Once the shock subsides, the work begins.

Boston was considered something of a long shot by insiders when the U.S. Olympic Committee whittled its list of candidates to bid for the 2024 Games down to four a few months ago.

The leadership team, largely unknown outside of New England, along with the compactness of the city, the politics and the protesters made Boston look like an underdog compared to Los Angeles, San Francisco and Washington.

Turned out, some of those so-called deficiencies turned into positives in the eyes of the USOC board members. The leader, John Fish, is a can-do businessman who gets the Olympics' vision. The compactness looks more like a plus than a minus under the International Olympic Committee's newly revised, less-is-more template for the Games. The politics and protesters — well, any city that undertakes this sort of endeavor will run into those issues.

Now begins a 32-month march toward the selection in September 2017.

Here are five of the biggest hurdles Boston and the USOC have to clear if they want to bring the Summer Games back to the United States for the first time since 1996:

THE SHOCK: So many Olympic insiders across both oceans considered San Francisco the sexiest choice and didn't know nearly as much about Boston, which actually has a lot of the same qualities as the Bay Area. So, there was some head scratching going on when the pick was made. The good news for the USOC is that almost everyone in America's Olympic family will galvanize behind the choice, especially after CEO Scott Blackmun and chairman Larry Probst have a chance to explain their thinking, both privately and publicly, starting at a news conference Friday. Will the international folks get on board, too?

WHO ARE YOU?: The bid process gives a city a chance to introduce itself to the world. Rome, already declared as a candidate, won't have too big a challenge there, and neither will Paris, if it gets into the running. Boston is more of a blank slate when you move outside North America. The cradle of the American Revolution, a city steeped with history and education, it has always had a reputation of being a bit provincial. Takes a long time to fit in there. Now, it has to open its arms to the world and tell IOC members why they should entrust their most important event to the city.

INTERNAL POLITICS: The protest group, No Boston Olympics, is hardly the first to pop up in the history of bids. But give them credit — they're motivated and organized. They call the Olympics a money drain, and history has proven them right: Initial cost estimates traditionally double or triple by the time the torch arrives. Is Boston big enough, and is the spin machine good enough, to either drown out the protesters or effectively rebuke their claims? Though the IOC knows the Olympics are always used as a political platform, it certainly doesn't want to willingly walk into a mess.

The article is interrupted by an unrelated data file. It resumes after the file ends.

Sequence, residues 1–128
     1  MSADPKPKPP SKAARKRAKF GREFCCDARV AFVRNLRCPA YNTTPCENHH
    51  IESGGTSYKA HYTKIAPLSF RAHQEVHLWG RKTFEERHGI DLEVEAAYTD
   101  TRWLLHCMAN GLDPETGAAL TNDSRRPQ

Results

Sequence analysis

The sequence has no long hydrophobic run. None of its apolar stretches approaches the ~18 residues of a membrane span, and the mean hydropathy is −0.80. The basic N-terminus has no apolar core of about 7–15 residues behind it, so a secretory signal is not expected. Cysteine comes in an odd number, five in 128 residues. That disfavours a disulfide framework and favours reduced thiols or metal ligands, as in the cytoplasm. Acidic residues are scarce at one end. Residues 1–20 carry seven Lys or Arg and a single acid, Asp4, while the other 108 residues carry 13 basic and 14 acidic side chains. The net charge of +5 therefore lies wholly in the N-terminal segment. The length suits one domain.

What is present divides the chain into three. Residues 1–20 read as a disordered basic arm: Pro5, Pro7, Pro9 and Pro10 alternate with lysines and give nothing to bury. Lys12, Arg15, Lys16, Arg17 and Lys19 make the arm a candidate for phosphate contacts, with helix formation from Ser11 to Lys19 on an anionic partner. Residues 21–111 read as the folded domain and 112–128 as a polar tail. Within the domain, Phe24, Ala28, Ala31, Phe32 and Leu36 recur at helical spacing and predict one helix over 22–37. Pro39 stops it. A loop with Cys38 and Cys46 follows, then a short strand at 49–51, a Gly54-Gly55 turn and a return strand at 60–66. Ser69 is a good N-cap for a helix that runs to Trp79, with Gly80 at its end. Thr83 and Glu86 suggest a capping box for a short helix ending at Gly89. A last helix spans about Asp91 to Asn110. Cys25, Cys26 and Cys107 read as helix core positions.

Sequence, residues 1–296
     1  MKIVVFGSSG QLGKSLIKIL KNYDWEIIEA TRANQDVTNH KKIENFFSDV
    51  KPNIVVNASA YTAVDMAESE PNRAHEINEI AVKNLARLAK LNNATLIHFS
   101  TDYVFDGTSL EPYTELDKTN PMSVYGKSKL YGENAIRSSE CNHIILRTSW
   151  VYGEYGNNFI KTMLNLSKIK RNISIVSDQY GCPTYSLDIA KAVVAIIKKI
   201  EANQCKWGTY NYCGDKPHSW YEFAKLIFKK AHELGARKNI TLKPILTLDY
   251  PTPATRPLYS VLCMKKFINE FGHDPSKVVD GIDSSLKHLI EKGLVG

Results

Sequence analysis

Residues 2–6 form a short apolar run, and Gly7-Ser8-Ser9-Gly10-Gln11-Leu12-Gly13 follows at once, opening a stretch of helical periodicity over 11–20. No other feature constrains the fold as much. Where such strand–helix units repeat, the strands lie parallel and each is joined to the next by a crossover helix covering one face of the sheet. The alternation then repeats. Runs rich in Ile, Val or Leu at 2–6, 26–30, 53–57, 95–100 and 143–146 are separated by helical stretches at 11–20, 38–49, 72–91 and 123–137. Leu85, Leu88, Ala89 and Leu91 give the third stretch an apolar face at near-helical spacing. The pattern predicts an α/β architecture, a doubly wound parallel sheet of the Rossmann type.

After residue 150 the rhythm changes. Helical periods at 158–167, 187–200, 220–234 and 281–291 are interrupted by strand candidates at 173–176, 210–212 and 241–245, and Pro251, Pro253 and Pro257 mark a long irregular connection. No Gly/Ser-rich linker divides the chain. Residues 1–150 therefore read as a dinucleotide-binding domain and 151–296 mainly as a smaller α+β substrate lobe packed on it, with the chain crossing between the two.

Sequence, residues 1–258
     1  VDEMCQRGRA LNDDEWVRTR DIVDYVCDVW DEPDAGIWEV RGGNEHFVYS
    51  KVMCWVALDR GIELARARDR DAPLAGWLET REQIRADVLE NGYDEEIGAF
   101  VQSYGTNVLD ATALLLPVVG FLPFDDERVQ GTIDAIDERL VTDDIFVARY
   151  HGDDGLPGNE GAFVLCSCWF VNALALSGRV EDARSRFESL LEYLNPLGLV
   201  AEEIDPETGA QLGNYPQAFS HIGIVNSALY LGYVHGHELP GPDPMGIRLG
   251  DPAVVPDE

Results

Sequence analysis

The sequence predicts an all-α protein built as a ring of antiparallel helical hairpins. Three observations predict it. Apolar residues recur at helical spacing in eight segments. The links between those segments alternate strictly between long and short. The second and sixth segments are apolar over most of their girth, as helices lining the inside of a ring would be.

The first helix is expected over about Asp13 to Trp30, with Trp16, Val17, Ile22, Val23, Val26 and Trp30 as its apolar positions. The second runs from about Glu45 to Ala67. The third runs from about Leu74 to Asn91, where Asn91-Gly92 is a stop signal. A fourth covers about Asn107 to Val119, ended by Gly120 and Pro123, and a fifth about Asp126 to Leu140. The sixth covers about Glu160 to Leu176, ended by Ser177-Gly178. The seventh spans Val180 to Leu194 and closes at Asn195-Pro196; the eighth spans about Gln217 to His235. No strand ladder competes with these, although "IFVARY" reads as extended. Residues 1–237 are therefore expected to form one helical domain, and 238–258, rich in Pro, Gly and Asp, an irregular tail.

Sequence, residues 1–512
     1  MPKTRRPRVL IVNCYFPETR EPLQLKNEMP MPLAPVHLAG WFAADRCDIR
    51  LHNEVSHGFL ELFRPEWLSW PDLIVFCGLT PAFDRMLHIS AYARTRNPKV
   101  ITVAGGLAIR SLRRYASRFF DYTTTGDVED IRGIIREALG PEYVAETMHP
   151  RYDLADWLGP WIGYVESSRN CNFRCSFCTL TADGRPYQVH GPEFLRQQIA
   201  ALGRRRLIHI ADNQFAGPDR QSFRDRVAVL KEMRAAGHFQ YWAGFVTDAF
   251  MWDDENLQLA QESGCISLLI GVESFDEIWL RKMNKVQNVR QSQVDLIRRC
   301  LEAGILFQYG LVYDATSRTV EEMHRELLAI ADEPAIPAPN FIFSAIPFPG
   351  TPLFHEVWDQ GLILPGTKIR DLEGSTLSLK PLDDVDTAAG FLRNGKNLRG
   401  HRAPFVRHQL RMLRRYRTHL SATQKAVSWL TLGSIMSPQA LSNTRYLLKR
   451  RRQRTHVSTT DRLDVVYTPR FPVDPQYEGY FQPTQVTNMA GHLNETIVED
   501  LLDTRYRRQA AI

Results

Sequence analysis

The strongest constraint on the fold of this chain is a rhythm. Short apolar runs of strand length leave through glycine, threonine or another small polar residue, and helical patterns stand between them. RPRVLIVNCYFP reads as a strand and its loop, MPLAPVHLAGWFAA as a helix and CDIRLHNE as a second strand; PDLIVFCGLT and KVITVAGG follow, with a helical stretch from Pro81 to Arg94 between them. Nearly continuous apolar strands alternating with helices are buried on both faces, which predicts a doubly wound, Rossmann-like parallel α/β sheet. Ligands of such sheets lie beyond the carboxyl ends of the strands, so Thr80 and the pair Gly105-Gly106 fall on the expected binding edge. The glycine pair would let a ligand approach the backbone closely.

EXTERNAL POLITICS: Every move made over the next two years by the USOC — or the U.S. government, for that matter — can have an impact on Boston's bid. The deconstruct of Chicago's last-place finish in the fight for 2016 placed much of the blame on dysfunctional USOC politics that made a U.S. bid inherently unlikeable, even if the Windy City itself looked pretty good. A new leadership team has spent years trying to smooth that out and has been given signals that things are better. One more thing: If a city in Africa, a continent that has never hosted the Olympics, makes a surprise bid, everything changes. The chance to give South America its first Olympics with Rio's 2016 bid was another factor that doomed Chicago.

THE MONEY: The operating budget is less than $5 billion, the overall budget — when you factor in infrastructure and other improvements — will be a lot more than that. Somebody has to pay for it all and it won't be the federal government. The government's longstanding prohibition on funding always puts a U.S. bid a bit behind other cities, whose governments do pick up healthy portions of the tab. It's nothing that can't be overcome, but always a factor when the votes are being lined up, and a convenient excuse for IOC members to vote against the United States, even if they're really doing it for other reasons.

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Follow AP National Writer Eddie Pells on Twitter: http://twitter.com/epells